Rated R - Running Time: 1:53 - Released 9/28/01

Michael Douglas is back to doing what he does best in Gary Fleder's Don't Say A Word, namely playing the part of a regular guy under the control of a psycho. Based on the book by Andrew Klavan, adapted for the screen by Anthony Peckham and Patrick Smith Kelly, this is a first-class child-abduction thriller not unlike many we've seen before (including Fleder's own Kiss The Girls), but it's generally effective despite the well-worn pretext and a few credibility gaps. Douglas heads a talented cast, bringing his own patented sweaty calm to the table and laying it on with the judicious subtlety of a pro. Director Fleder, who has taken time out to do some TV directing in the last few years, returns for his first feature film since Girls, showing he's still got the knack for crafting a standard 2-hour thriller that would make even the most jaded moviegoer fidget.

Douglas plays New York psychologist Dr. Nathan Conrad, whose expertise with mentally disturbed youths brings him in contact with 18-year-old wacko Elizabeth Burrows (Brittany Murphy), who apparently just killed a man with her bare hands for some mysterious reason. On their first meeting, she tells Dr. Conrad, "You want what they want;" although he is baffled as to what this means, he soon finds out when his own 8-year-old daughter Jessie (Skye McCole Bartusiak) is abducted. Over the phone, the head kidnapper (Sean Bean) tells him that Elizabeth has a six-digit number buried somewhere in her subconscious, and if he ever wants to see Jessie again, he'd better get it out of her by sundown. Having no idea what the number is for, he leaves his distraught wife Aggie (Famke Janssen), who is in traction with a broken leg, at home and attempts to get to the bottom of Elizabeth's troubled psyche.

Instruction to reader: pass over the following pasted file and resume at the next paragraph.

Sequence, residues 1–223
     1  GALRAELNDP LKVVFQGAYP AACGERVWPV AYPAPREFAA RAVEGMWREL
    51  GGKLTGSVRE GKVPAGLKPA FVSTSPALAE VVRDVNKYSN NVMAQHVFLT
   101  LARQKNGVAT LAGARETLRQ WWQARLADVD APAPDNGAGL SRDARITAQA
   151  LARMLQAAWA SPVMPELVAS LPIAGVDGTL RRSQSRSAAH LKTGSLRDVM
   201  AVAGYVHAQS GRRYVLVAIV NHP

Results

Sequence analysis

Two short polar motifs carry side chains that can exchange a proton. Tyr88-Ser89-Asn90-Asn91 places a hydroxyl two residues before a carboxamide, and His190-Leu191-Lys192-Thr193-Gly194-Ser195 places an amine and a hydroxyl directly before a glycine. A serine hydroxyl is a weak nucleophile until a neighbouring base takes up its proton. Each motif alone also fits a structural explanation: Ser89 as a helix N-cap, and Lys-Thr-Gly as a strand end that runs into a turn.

As it turns out, the number will reveal the location of a priceless red diamond which Elizabeth's deceased father stole from the heavies 10 years ago during a bank robbery. Since then, they have been serving time for killing him, and she has been descending into madness from watching them kill him. But Dr. Conrad knows none of this, nor does NYPD Detective Sandra Cassidy (Jennifer Esposito), working independently on the case. Also present is Oliver Platt as Conrad's colleague, Dr. Louis Sachs, who is equally tense but not nearly as cool under pressure. Eventually, just about all of the above come together at a cemetery on Hart Island for an old-fashioned game of Who-Gets-To-Inhabit-The-Freshly-Dug-Grave. Hint: it isn't Michael Douglas.

This is one of those films where the crooks have apparently unlimited financial resources, affording them the most state-of-the-art equipment with which to carry out their shadowy agenda, including high-end computers, cell phones, and various strategically placed surveillance devices, even though no one explains how they get them into the places they are. For instance, they not only have at least four different cameras in Conrad's apartment—so they can watch his sexy, bed-bound wife from every angle in case she decides to strip for their entertainment—but also a hidden microphone in Elizabeth's cell at the psycho ward. I mean, how did they know she was going to get that room?

But despite its sometimes befuddling details, Don't Say A Word is definitely effective at its purpose of maintaining tension. Director Fleder gets the ol' pressure cooker going and raises the temperature steadily during the entire show, and Douglas does his part as the man under pressure. It's just too bad Glen Close isn't around to boil up some rabbit stew. ****

Copyright 2001 by John R. McEwen and The Republican

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